By Nick Cahill
SACRAMENTO – Amid an uptick in diseases that vaccines should have eradicated in the United States long ago, a lawmaker who helped implement California’s strict child-immunization laws proposed legislation Tuesday that would crack down on doctors issuing “fake” medical exemptions.
State Sen. Richard Pan, D-Sacramento, says that while his 2015 bill has increased overall immunization rates at kindergartens across the state, the number of medical exemptions issued by doctors has tripled.
Pan, a pediatrician, wants lawmakers to protect public health by stemming the rising practice of doctors “selling” exemptions to parents who are against vaccination.
“Some schools are reporting that more than 20 percent of their students have a medical exemption,” Pan said in a statement. “It is clear that a small number of physicians are monetizing their exemption-granting authority and profiting from the sale of medical exemptions.”
Signed into law by former Gov. Jerry Brown, Senate Bill 277 required parents to immunize children against 10 diseases and removed a longstanding personal belief or religious exemption. Under SB 277, parents who send their children to public school cannot opt out of state-mandated vaccinations without a medical exemption from their pediatrician.
The hotly contested bill sparked lively debate in Sacramento regarding public safety and parents’ rights. Opponents packed legislative hearings and Pan claimed he was forced to hire extra security because of death threats.
Yet Brown, a former Jesuit seminarian, ultimately sided with science and settled the debate.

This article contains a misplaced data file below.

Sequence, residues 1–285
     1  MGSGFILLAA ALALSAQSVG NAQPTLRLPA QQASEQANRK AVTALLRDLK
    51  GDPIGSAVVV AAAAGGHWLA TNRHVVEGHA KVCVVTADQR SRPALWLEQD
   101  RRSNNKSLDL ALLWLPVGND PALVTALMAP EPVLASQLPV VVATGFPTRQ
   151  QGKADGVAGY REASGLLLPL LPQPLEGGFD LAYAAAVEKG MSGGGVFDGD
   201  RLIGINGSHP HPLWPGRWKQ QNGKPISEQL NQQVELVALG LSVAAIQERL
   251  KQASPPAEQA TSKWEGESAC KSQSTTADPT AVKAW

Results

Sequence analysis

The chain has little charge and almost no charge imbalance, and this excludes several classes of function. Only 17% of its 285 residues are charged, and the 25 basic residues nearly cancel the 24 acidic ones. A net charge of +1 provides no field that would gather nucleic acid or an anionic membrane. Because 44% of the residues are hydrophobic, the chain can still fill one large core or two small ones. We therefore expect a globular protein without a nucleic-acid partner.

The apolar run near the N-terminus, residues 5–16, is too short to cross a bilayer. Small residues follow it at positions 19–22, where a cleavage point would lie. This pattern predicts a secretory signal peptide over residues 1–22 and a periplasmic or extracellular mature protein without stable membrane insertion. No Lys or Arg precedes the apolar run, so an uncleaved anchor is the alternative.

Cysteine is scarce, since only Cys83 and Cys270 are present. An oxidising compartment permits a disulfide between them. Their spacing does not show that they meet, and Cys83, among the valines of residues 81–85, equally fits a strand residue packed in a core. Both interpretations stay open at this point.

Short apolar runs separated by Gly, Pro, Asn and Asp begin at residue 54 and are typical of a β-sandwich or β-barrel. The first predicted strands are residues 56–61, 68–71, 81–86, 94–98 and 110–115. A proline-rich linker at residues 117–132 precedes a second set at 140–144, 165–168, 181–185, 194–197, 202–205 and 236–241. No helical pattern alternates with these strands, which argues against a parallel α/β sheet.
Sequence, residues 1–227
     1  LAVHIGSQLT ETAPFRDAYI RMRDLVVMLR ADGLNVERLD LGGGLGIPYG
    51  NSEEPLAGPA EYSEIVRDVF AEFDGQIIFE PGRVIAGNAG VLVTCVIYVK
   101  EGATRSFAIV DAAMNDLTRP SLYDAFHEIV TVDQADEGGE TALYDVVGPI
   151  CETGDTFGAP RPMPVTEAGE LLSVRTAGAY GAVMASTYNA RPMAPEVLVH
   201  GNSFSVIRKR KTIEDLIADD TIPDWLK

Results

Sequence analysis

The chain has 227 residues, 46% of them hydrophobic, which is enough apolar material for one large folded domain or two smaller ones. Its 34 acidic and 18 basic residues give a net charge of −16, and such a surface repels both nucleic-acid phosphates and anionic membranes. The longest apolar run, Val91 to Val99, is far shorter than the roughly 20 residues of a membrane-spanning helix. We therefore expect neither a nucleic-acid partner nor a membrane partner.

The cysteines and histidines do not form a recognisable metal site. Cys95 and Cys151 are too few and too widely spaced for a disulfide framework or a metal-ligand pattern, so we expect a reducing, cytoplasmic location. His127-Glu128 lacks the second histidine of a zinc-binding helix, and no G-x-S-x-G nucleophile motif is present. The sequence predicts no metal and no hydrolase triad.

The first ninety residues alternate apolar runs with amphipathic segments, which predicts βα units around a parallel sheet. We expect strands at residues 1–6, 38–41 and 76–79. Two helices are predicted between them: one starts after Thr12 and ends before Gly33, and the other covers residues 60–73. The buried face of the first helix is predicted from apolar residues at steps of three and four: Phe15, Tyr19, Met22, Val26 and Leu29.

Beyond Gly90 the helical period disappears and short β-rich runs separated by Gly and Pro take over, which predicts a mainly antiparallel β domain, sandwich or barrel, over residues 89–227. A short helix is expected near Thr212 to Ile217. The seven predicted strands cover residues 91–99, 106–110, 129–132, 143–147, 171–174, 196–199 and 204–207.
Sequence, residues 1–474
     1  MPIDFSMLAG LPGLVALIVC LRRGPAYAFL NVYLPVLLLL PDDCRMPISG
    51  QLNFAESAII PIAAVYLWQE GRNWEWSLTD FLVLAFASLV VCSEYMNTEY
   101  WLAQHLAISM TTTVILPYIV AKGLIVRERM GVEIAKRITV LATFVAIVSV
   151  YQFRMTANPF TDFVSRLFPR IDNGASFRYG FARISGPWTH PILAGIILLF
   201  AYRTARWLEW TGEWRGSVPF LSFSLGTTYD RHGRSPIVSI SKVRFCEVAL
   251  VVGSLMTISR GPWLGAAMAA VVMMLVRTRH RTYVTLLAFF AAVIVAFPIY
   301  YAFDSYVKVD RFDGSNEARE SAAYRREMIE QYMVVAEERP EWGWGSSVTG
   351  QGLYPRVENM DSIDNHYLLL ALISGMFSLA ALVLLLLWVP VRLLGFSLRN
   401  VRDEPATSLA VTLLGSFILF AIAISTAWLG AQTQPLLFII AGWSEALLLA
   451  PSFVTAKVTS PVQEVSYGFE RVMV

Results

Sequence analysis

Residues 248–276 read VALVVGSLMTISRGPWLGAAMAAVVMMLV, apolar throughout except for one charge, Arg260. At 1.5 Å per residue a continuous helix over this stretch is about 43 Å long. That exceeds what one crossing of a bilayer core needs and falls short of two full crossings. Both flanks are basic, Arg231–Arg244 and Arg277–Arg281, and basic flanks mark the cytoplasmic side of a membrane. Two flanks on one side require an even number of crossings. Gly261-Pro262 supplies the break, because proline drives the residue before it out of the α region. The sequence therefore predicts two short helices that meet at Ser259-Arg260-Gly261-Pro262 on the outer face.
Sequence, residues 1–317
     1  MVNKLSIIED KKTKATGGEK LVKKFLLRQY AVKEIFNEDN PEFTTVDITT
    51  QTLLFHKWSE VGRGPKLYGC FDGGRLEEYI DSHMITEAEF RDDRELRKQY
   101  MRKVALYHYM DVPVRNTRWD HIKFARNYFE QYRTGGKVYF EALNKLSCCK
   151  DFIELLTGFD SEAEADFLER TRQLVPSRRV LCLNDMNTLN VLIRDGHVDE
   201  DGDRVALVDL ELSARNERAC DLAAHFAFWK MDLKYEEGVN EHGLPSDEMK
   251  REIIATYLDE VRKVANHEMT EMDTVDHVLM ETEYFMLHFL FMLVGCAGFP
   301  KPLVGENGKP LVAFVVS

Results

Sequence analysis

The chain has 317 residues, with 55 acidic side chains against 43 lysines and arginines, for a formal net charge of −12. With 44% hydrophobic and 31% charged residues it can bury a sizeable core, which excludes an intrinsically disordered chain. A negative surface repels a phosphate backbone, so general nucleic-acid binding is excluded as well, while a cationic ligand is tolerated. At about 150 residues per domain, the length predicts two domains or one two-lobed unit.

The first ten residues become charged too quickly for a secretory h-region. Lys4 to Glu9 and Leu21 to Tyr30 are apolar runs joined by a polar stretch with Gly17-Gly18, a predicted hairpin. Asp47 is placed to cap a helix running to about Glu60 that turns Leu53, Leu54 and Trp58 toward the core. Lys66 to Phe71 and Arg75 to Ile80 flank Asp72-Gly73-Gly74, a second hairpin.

“SB 277 has occasioned widespread interest and controversy – with both proponents and opponents expressing their positions with eloquence and sincerity,” he said in a signing letter. “The science is clear that vaccines dramatically protect children against a number of infectious and dangerous diseases.”
Pan’s latest vaccination measure, Senate Bill 276, would require the state to sign off on any medical exemption.
Doctors would have to fill out a new form listing reasons for the exemption and submit that they have actually examined the child.
In addition, the state would compile a database of all medical exemptions and be allowed to revoke a doctor’s ability to grant exemptions if they are caught filing fraudulent exemptions.
San Diego Assemblywoman Lorena Gonzalez says a few doctors and anti-vaccination parents are exposing the nation’s most populous state to preventable diseases like measles.
“The real cost is a threat to herd immunity and public health. That’s why I am co-authoring legislation today with Sen. Pan to say enough is enough,” Gonzalez said in a statement.
The Democrats’ measure has been referred to the Senate Rules Committee but is not yet scheduled for a hearing. Senate Bill 276 is co-sponsored by the California Medical Association, the American Academy of Pediatrics, California, and Vaccinate California.
According to state data, 21 people contracted measles in California in 2018 and there have been six cases thus far in 2019. Experts claim keeping community immunization rates above 95 percent is key to keep measles from spreading.